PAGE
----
Phoenix Images Underbelly, Encounters Instrument Glitch

Phoenix Images Underbelly, Encounters Instrument Glitch
This contrast-enhanced image was acquired at the Phoenix landing site on Sol 4 by Phoenix's Robotic Arm Camera (RAC). As seen in the top center, the exhaust from the descent engine has blown soil off to reveal either rock or ice, which has not yet been determined. (Image credit: NASA/JPL-Caltech/University Arizona)

TUCSON,Ariz. ? NASA?s Phoenix Mars Lander sent back images of the blind spotunderneath it today as mission scientists gear up for the craft's robotic armto touch the planet's soil for the first time. The spacecraft also encounteredits first glitch, with a short circuit in one of its instruments, missionscientists said at a briefing on Friday.

Phoenix?srobotic arm was maneuvered so that the camera at the end of it could image the spaceunderneath the lander, which is a blind spot for the stereo camera on topof the lander?s deck. The images showed some interesting tabular formations, asrobotic arm co-investigator Ray Arvidson, of Washtington University in St.Louis, described them.

"Wedon?t know what they are. They could be exposures of ice, or they could beexposures of rocks," Arvidson said at a briefing here at the University ofArizona. ?We're really pushing for ice, but we don?t know if that's the caseyet.?

The$420 million dollar Phoenix mission is designed todig down to the layers of water ice thought to lie just under the surfaceof the north polar region of Mars, where it landed on Sunday. Instruments onthe spacecraft are designed to analyze soil samples to see if the ice was onceliquid and could have created a habitable zone for possible microbial life atsome point in Mars' past.

Missioncontrollers have encountered a problem with one of these instruments, theThermal and Evolved-Gas Analyzer (TEGA) that is designed to heat up soilsamples until vapors come off and then to analyze those vapors to detectthe composition of the soil.

Theglitch seems to be a short circuit in a filament in a part of the instrumentthat ionizes the vapors before they are sent to the detector, said TEGAco-investigator William Boynton of the University of Arizona. There are twofilaments in the detector however, and TEGA scientists are now investigatingwhether they can operate the instrument with just the one filament. They willalso being sending up diagnostic instructions over the next few days.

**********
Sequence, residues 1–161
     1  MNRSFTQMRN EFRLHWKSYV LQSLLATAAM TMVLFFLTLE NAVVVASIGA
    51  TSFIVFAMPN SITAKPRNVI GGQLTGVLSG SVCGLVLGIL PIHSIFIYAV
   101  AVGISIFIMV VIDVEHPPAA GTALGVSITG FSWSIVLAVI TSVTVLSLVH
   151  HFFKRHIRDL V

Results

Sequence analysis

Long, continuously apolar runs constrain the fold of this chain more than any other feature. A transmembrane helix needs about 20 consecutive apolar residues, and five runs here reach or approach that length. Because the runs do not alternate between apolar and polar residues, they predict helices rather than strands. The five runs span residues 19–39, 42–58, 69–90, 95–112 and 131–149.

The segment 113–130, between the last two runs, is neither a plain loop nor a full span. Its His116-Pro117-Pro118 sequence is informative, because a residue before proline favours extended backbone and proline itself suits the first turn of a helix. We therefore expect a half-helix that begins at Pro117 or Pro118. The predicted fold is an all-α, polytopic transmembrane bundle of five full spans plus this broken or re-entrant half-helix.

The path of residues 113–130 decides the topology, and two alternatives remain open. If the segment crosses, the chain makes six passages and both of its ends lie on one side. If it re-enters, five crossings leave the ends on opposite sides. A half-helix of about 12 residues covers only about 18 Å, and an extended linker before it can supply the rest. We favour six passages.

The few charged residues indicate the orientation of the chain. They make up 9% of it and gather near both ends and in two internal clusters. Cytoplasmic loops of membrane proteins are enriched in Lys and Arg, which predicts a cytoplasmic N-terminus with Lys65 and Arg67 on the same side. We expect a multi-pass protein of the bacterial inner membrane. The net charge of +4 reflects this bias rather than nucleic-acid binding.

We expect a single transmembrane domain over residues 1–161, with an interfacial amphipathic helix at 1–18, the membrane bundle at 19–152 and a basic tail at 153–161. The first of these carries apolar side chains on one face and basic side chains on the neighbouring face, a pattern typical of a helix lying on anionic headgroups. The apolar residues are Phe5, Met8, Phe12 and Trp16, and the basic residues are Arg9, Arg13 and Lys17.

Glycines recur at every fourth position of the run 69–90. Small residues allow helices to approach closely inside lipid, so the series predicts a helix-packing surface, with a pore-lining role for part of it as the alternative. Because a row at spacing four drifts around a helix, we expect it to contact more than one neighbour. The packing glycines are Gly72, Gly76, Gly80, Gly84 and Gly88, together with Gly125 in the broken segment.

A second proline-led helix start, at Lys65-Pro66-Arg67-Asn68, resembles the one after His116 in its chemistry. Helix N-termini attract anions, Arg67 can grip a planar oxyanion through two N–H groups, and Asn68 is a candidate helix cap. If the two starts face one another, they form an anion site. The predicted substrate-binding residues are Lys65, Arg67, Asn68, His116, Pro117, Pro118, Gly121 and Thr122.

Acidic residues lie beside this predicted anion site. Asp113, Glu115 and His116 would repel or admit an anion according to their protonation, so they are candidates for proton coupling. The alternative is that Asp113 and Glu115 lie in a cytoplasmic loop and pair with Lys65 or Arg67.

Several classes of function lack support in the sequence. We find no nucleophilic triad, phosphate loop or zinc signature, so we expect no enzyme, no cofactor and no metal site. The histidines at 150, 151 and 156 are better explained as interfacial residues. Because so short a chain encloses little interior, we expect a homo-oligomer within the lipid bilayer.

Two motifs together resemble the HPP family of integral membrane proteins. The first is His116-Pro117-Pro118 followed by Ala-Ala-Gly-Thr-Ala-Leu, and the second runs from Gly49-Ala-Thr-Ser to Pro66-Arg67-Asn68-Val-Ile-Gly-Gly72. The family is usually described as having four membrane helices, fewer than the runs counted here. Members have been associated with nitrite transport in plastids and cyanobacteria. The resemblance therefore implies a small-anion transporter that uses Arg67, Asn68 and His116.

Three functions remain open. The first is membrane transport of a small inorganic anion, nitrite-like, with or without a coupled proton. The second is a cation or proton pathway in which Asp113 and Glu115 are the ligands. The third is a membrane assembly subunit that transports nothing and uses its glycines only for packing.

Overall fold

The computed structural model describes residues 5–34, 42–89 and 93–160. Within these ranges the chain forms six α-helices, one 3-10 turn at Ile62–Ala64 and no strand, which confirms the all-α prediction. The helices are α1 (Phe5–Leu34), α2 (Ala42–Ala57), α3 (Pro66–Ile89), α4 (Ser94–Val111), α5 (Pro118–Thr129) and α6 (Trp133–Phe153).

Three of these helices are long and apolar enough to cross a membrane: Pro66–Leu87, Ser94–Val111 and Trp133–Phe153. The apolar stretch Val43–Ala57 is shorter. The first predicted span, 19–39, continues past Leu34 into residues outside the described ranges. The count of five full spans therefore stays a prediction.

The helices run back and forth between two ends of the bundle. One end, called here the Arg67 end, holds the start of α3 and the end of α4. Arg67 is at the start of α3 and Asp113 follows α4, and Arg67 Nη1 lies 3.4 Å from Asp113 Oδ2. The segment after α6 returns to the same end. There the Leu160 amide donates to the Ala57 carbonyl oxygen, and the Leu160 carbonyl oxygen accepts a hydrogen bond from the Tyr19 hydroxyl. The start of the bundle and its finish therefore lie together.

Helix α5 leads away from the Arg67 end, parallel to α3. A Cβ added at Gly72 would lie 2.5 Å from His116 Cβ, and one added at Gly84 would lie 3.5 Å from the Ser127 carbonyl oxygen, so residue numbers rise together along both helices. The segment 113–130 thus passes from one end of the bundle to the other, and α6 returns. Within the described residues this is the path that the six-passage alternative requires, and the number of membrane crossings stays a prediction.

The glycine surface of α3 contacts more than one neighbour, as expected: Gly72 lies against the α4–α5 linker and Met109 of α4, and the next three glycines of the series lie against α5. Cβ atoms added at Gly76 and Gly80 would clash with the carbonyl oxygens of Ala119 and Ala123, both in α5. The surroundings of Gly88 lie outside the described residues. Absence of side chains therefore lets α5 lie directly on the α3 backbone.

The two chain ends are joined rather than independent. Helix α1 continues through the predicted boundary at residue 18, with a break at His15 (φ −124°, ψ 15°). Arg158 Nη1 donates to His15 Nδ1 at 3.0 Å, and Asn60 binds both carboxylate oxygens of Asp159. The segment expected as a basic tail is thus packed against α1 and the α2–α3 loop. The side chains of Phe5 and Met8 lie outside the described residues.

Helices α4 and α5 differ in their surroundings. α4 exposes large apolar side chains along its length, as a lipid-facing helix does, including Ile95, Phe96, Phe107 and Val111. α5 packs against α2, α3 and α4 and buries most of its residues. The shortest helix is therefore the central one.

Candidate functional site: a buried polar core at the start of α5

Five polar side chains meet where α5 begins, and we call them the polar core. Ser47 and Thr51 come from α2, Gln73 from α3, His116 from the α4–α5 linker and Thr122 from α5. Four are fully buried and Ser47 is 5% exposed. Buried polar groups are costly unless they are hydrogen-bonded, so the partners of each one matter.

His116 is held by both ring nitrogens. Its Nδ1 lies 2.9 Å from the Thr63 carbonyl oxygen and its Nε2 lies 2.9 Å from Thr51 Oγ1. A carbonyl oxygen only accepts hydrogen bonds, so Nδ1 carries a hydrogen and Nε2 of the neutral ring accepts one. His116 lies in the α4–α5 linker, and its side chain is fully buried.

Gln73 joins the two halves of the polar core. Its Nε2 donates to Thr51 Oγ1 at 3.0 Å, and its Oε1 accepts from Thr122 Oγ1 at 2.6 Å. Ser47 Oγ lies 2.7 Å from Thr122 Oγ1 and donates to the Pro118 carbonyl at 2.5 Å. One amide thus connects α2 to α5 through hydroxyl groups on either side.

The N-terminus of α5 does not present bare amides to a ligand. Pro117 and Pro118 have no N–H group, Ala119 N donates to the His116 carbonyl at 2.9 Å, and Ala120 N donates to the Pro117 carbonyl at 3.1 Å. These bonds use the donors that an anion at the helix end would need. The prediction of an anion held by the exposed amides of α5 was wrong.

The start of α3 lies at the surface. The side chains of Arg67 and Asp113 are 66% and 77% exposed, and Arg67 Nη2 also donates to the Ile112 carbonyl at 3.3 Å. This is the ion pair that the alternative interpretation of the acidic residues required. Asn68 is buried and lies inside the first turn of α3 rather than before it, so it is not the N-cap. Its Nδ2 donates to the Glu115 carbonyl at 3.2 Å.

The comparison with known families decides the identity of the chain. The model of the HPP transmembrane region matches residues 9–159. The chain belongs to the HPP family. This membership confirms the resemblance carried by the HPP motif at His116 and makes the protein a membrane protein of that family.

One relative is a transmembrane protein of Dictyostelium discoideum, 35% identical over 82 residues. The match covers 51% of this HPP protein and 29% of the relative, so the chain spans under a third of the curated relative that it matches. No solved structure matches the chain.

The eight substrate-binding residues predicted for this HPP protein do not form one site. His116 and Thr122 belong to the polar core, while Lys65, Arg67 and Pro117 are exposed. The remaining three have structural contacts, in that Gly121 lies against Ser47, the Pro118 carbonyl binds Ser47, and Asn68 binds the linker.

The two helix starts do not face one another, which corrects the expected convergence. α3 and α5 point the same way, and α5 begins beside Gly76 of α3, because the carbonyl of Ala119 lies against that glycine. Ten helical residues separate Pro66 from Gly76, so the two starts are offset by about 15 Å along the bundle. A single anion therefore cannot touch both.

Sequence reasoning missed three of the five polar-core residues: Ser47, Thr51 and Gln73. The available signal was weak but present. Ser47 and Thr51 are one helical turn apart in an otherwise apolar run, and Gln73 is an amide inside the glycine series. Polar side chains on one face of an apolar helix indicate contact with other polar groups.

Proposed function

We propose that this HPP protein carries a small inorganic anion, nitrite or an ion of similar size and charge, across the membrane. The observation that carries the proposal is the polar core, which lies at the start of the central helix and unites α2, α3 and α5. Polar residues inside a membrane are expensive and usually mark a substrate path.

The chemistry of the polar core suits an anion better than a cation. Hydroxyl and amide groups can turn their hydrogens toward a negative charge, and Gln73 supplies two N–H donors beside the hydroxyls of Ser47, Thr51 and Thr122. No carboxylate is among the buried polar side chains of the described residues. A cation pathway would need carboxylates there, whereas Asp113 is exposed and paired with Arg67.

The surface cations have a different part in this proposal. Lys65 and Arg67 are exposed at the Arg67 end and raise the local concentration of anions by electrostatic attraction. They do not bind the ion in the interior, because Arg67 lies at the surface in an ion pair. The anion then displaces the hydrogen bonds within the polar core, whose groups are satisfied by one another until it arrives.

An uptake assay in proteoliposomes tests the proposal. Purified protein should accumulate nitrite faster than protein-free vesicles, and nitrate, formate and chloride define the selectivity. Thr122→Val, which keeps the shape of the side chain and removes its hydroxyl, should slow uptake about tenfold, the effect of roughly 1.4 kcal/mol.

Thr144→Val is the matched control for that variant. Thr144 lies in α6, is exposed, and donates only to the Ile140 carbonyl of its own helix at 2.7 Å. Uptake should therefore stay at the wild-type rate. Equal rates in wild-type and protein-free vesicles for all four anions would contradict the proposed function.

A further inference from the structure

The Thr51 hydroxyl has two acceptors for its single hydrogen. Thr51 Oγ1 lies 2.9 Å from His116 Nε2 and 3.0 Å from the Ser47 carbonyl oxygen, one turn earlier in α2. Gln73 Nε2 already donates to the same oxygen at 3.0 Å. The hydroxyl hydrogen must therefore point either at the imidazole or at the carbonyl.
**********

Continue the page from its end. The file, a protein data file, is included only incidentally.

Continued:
"We'requite optimistic that we have a workaround that will let us operate theinstrument," Boynton said.

Meanwhile,mission scientists are also looking for more information on the soil near thelander so that they can begin digging for samples. The first step will beimaging all three of the landers' footpads with the robotic arm camera to makesure the craft is stable on the ground, mission scientists said.

Afterthat, mission scientists plan to perform a "soil touch," whichinvolves moving the scoop at the end of the robotic arm and making a dent inthe soil, then turning the scoop around and imaging the dent to make sure thatcontrollers know how to reach the soil, Arvidson told

Thenext step will be to do what mission scientists call a "dig and dump"where they will practice having the robotic arm scoop up the soil and dump itdown again.

Missioncontrollers are waiting to get data back from Phoenix?s Friday night downlinkon one of the proposed ?dig and dump? sites to decide when and where to performthe soil touch maneuver.

Clickhere for'sPhoenix mission coverage and a linkto NASA TV.

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Andrea Thompson

Andrea Thompson is an associate editor at Scientific American, where she covers sustainability, energy and the environment. Prior to that, she was a senior writer covering climate science at Climate Central and a reporter and editor at Live Science, where she primarily covered Earth science and the environment. She holds a graduate degree in science health and environmental reporting from New York University, as well as a bachelor of science and and masters of science in atmospheric chemistry from the Georgia Institute of Technology.